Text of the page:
|So You Want To Build a PC NLE? Part 1
For the sake of brevity, Ive assumed that you have a basic understanding of computer jargon and are at least in passing familiar with the different parts of a computer and their functions (There are a host of online glossaries and FAQs which will soak your feet in terms like RAM, CPU, ROM, BIOS, etc.)
Further, there is no practical way for me to know the ins and outs of every possible hardware configuration available, and consequently you may run into problems Ive never encountered in your DIY adventure in PC building. Ive tried to give you a general overview of the steps involved without being too gluttonous in info, or worse, condescending, and armed with this info, building a PC should not be the pogo-stick-through-a-minefield chore its been painted as. Where this tutorial fails to be sufficiently comprehensive in its detail, I'd suggest posting to the forum and shouting out to us were here to help.
Ive also recommended hardware choices below that are not the cheapest available for a reason cutting corners financially will usually be the source of later problems. That being said, an OHCI compliant video editing work station should run you in the neighborhood of $2,300, even taking into account top hardware choices whereas not even 5 years ago, you'd have to spend somewhere in the neighborhood of $10,000!
Its a good time to be video editing!
Now, on with the show
First Choosing Components
Note: When building a PC it is always important always to note what kind of manufacturer or dealer warranty you can get with each component. Weighing this in with your considerations about price and feature sets when comparing parts is advisable, to say the least. Likewise, fill those registration cards out :)
The following is a list of the components which are necessary in order to build a fully functioning PC:
Motherboards, like any of the critical components of a PC, should be purchased from reputable manufacturers. Asus, Abit, Tyan, and Gigabyte are all motherboard manufacturers that Ive come to know as reliable producers of rock solid, feature-packed boards.
Ive personally run into only one major issue with a motherboard in the past, a consequence of the board using a VIA chipset something which DSE and others are quick to note. Every motherboard manufacturer has a web page and usually will have a list of their current offerings and a spec sheet for each board which details what chipset is implemented in the motherboard in question.
Otherwise, you want to take into account certain things before making your purchase what type of processor does it support and does the motherboard support one or two processors; what type and how much RAM does it support; how many PCI slots does it have; does it have onboard RAID?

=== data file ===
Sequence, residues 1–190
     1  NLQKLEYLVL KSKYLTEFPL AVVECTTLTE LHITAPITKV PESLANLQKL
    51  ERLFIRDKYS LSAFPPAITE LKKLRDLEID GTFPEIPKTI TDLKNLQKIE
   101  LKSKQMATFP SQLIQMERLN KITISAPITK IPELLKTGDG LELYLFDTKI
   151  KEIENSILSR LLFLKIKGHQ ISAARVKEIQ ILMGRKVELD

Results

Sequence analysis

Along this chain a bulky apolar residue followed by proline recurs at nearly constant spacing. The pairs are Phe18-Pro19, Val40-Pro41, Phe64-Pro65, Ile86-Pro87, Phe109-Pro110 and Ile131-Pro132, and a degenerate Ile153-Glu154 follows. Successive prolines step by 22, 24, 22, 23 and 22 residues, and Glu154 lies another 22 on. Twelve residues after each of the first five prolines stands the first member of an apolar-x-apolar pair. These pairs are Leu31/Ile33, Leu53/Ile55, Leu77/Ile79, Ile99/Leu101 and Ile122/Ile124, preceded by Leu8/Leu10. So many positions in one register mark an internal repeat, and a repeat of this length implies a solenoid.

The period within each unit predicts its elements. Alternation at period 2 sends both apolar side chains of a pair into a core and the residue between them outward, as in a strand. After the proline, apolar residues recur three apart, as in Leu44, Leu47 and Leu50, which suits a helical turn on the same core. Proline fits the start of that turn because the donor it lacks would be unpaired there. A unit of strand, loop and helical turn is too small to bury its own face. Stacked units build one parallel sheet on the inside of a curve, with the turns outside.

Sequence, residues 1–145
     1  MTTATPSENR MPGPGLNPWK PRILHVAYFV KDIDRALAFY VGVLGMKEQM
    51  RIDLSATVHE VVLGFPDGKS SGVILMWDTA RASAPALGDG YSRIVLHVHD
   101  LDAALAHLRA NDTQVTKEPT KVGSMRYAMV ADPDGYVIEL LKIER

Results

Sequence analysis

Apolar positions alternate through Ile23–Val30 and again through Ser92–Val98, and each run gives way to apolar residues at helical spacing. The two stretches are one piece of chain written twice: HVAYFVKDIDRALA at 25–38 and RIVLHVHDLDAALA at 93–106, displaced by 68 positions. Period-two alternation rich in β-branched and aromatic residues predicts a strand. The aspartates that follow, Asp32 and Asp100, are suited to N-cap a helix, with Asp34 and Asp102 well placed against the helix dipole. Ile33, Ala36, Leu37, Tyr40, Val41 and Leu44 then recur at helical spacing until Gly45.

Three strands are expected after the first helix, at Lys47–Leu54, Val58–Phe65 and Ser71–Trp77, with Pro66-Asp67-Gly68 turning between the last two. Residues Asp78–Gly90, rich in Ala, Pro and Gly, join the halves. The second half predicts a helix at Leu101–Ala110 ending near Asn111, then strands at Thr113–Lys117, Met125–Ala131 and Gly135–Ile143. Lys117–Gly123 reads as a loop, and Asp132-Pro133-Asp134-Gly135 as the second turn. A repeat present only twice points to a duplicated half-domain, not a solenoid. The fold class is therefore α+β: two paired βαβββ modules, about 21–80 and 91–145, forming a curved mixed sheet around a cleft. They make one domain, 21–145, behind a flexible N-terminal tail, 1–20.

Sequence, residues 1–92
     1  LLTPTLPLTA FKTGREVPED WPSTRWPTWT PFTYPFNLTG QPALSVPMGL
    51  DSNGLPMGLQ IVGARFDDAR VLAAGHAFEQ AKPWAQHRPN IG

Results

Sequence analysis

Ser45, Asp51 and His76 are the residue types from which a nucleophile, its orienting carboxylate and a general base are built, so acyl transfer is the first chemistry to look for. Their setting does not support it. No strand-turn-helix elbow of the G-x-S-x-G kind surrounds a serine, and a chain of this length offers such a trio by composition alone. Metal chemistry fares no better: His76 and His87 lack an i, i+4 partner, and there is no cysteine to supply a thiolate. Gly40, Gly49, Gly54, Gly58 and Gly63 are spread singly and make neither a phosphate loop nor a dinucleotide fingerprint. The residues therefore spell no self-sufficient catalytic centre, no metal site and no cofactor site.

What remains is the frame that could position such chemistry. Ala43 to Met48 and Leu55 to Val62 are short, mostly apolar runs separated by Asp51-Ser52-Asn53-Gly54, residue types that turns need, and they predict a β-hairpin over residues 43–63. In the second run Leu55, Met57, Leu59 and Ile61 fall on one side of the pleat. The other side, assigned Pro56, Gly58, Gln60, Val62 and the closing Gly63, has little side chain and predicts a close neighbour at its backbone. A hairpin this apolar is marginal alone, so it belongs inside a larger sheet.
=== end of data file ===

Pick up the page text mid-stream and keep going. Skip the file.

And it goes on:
A single-processor based motherboard will run you about $120 from any of the above mentioned manufacturers. A dual-processor based board will generally run around $200. I use a Tyan TigerMP which supports two processors, 6 PCI slots, up to 3.5gigs of RAM, and couldn't be happier.
For non-linear editing, the overwhelming majority of PC builders opt for AMD processors. Gone are the days of worries over incompatibilities and frequent crashes AMDs Athlon line of processors (Thunderbird, XP, and MP) do everything a Pentium 4 will do, often faster, and always cheaper.
The Thunderbird line of processors is rapidly fading into obsolescence with the introduction of the XP line. The chief advantage of the Thunderbird for a time was its support for a higher bus-speed (which dictates the rate at which data is allowed to pass to and from the processor to other components on the motherboard.) Now, the XPs have stolen some of its
by consuming less power, outputting less heat, and even incorporating Intels Pentium 4 specific multimedia instructions (SSE.)
For single processor based NLEs, go with the Athlon XP, as opposed to the Thunderbird (little price difference) or a Duron (which is not nearly as robust and honestly a poor choice for video editing.)
While the general rule of faster is better is nowhere more true than in the world of non-linear editing, there is usually a sweet-spot for processor prices. Right now, the biggest bang-for-the-buck processor would be the AthlonXP 1700 (1.47Ghz) at about $135. From there the price/performance ratio shrinks considerably.
With your processor(s), you will need to purchase a Heatsink/Fan (HSF) unit. I recommend the Swiftech MCX-370 which consistently gets high rating marks. $40 each.
When you build an NLE, you always want to have at least two drives one for your operating system and applications, and one for storing your digital video. Personally, I have a 30gig system drive, and two 75gig drives striped on a Promise FastTrak ATA100 RAID controller.
IBM manufactures hard drives with the highest reliability rating and they carry a minimum of a 3 year warranty. 7,200 RPM ATA100 drives are the standard for non-linear editing and you should shy away from settling with 5,400rpm drives to shave a few bucks an ounce of caution...
As a rule of thumb, plan on having at least three times your projects total running time in storage. FYI -- 1 Gigabyte is equal to four minutes of digital video.
IBMs 75GXP series of drives are notoriously solid performers. A 75gig 75GXP drive will run you about $235.
Crucial, Micron, Kingston and Mushkin are all fairly well known and respected memory manufacturers. Your motherboard will likely support PC2100 DDR SDRAM and it is advisable to pay the extra $20-30 in order to have registered, ECC RAM (some motherboards, Ive just learned, require registered RAM). Crucial sells a 512mb PC2100 registered stick for about $200. 512mb should be considered the minimum for serious video editing and as always, the more the merrier.